The Student News Site of Gannon University since 1947


The Student News Site of Gannon University since 1947


The Student News Site of Gannon University since 1947


Shows bring conflict when older actors are cast as teens

There is a good chance that our mainstream media is convinced that you should not look the way you look.

Over winter break, I was flipping through the channels and a few different shows came on. Out of boredom, I decided it would be a good idea for me to look up the actors on the Internet Movie Database and see how old they are in real life.

Keep in mind, most of these shows I was watching depicted people when they were in high school. When I was looking up information on the actors, a lot of them were in their twenties.

Now this isn’t the first time this has happened. Back when “Mean Girls” was released, I remember out of four of the main actresses playing high-school kids – Rachel McAdams, Amanda Seyfried, Lacey Chabert and Lindsay Lohan – the only person who was a teenager was Lindsay Lohan.

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That’s not too horrible as an afterthought, because all of the cast members did really well with the movie, however a bit of a problem can arise in certain situations.

As an avid “Glee” watcher, I know that a lot of the people who were cast originally were not actually in high school, but when a new cast arrived four seasons later, I figured that by now, some of the people who are playing 15-year-olds would be around my age, 19, in real life.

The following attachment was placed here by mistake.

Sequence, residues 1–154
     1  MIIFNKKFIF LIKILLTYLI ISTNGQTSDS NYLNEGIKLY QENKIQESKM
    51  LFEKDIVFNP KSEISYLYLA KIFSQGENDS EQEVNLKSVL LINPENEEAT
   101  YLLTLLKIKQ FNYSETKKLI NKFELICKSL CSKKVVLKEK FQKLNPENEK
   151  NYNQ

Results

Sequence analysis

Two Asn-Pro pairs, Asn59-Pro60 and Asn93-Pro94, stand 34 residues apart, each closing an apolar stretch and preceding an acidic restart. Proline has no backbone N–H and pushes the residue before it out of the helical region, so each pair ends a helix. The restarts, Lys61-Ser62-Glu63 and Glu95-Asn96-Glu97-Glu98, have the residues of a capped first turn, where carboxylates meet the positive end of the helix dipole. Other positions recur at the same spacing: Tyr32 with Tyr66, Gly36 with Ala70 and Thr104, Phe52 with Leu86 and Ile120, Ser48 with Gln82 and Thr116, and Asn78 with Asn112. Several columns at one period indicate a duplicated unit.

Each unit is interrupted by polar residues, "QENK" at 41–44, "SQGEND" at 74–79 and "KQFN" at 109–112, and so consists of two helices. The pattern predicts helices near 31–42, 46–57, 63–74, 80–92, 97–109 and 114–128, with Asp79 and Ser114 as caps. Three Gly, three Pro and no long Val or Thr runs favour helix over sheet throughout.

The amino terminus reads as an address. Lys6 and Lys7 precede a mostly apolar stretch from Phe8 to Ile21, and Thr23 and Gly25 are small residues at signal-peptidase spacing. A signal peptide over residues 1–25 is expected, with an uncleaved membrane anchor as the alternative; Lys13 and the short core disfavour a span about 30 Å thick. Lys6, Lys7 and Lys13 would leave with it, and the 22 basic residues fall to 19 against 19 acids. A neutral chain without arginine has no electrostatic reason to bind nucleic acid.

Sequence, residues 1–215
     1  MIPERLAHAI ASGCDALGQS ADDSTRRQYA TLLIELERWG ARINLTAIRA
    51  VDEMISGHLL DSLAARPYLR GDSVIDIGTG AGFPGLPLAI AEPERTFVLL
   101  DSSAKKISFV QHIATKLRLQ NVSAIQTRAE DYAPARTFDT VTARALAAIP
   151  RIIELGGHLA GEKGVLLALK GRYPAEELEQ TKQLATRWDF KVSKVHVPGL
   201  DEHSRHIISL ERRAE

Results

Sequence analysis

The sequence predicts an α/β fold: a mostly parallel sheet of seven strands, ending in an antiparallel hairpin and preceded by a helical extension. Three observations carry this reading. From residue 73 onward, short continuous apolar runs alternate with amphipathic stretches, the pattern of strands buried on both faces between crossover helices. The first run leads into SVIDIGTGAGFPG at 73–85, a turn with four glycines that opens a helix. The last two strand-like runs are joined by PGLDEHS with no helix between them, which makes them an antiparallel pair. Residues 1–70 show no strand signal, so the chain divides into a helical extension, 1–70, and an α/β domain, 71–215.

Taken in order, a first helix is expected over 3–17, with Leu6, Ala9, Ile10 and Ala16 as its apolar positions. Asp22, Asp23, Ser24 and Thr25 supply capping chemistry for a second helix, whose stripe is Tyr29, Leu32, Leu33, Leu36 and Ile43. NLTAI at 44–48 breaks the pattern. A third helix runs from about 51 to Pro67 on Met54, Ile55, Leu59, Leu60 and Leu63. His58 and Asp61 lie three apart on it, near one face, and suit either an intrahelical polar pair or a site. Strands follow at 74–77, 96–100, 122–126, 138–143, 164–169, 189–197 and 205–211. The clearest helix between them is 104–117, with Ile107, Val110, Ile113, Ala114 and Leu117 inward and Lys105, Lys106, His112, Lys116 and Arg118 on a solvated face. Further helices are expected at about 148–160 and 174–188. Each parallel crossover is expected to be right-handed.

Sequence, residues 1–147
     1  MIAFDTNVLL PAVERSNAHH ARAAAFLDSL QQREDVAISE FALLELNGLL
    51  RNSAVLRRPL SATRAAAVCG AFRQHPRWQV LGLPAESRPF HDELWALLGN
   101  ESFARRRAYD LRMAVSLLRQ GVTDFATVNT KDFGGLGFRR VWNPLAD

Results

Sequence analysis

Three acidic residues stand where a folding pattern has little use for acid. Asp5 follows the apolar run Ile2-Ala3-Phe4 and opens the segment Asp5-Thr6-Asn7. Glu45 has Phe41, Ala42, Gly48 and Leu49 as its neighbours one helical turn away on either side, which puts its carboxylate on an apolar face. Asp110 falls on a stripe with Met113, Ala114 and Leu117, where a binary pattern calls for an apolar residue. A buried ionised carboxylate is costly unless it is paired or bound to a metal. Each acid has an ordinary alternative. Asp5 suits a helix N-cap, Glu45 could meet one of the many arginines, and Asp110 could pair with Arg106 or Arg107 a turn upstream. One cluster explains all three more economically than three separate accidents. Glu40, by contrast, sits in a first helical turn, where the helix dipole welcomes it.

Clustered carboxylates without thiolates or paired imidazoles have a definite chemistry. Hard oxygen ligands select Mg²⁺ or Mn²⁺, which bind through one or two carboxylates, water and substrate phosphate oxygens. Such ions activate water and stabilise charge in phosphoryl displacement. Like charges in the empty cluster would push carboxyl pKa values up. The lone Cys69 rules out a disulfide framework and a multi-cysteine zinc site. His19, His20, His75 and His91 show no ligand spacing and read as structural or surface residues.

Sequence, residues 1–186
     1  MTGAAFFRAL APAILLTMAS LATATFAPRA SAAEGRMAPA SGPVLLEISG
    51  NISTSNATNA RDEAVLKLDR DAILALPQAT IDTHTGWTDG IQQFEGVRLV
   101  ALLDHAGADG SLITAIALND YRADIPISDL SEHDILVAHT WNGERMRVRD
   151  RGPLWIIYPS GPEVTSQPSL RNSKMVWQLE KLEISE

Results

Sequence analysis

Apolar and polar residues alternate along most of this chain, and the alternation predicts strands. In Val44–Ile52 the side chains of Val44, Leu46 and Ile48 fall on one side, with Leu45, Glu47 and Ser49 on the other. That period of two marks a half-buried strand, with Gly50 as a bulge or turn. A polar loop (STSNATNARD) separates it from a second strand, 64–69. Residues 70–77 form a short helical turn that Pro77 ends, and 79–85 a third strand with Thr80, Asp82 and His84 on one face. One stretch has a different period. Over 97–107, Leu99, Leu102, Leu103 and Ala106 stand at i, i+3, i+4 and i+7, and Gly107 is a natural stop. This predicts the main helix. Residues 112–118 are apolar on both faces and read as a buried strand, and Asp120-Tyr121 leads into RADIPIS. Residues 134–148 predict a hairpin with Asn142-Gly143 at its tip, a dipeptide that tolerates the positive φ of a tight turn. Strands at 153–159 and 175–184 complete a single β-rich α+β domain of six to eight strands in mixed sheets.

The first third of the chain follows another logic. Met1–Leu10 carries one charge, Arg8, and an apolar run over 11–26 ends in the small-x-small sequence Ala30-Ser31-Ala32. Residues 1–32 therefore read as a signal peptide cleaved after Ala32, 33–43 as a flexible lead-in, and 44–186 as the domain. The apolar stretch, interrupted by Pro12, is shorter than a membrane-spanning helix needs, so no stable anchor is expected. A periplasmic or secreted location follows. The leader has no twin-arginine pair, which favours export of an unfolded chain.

Upon further inspection, I found that one of the actresses playing a 15-year-old girl is 24. That’s a bit scary to me. There is a similar case with shows such as “Pretty Little Liars,” which have a huge teenage audience.

One may say, okay you can’t always find people at the exact age that can fit the part. I can understand that. But think about the younger audience demographic that probably watches these shows.

Girls in high school who watch this show and see someone playing a girl who is 9 years younger than she is may not look up information about the actress and find out her real age.

Even if they do, some people are susceptible enough to think that that’s what people in high school are supposed to look like, and a lot of people don’t look like that.

Even though nine years is not that big of an age gap in the grand scheme of things, I don’t know any 24-year-old who will say that his or her appearance did not change at all from the time they were 15 until they were 24.

When you’re 15, you’re still going through a lot of emotional and physical maturation. Whether it’s because you decide on a new hair style or to eat a different way, you change.

While a lot of shows try to make older actresses and actors seem younger, it isn’t 100 percent effective. So when people in high school see people in these shows, if they think they’re supposed to look like the people in these shows and they don’t, a lot of really bad self-esteem issues can stem from this.

Adults are always wondering why kids want to grow up. Just look at popular culture.

As just a side argument to anti-aging ads and photo alteration in magazines and advertising, I think that the media should consider some of these aspects in casting shows that are going to have a big audience of people under the age of 18.

Maybe if this happens, shows could be more believable, and at least some people would have a better idea of what they’re supposed to look like at their age.



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